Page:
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WASHINGTON (AP) – Shortly after Jesse Owens returned from his snubbing by Adolph Hitler at the 1936 Olympics, he and the 17 other African-Americans on the US team found a less-than-welcoming reception from their own government, as well.
On Thursday, relatives of those African-American Olympians who competed at the Berlin Games will be welcomed to the White House and will get to shake the president’s hand – an honor Owens and the others didn’t receive, the way some of their white counterparts did, after they returned home 80 years ago.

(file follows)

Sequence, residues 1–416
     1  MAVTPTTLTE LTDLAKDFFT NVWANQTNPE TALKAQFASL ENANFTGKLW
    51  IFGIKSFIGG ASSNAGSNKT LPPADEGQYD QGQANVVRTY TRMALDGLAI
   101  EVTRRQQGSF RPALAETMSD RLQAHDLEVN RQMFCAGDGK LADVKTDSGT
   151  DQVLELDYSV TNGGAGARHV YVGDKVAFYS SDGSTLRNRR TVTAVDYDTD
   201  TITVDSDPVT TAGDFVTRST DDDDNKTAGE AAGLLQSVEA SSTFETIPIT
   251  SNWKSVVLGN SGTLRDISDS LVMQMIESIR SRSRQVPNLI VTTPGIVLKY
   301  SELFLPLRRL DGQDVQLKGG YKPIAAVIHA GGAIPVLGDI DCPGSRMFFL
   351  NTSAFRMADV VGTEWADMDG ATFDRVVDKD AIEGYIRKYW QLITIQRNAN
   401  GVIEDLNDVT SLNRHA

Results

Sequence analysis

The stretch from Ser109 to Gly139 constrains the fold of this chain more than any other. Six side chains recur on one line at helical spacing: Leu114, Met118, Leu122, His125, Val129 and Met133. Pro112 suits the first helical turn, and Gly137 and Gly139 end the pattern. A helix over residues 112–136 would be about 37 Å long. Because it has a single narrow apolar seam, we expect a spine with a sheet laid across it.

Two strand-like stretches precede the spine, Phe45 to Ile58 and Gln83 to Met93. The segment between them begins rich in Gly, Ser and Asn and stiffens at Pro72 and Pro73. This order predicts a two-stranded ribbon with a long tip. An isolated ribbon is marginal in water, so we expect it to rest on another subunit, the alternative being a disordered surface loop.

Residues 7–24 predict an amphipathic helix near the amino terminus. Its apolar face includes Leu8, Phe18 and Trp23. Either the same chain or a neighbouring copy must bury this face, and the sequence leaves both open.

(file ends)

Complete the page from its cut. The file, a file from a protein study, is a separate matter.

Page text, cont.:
US Olympic Committee CEO Scott Blackmun announced the visit Wednesday night at a Team USA Awards ceremony.
“That is why I’m here 80 years later, to recognize the senselessness (of not inviting them to the White House), and to pay tribute to all the progress that has come since,’’ Blackmun said.
The announcement came on the same night the USOC invited Tommie Smith and John Carlos, who were booted from the 1968 Olympics for their gloved-fist protest on the medals stand, to be part of the awards show. Smith and Carlos hadn’t been involved in an official USOC event since being sent home from Mexico City.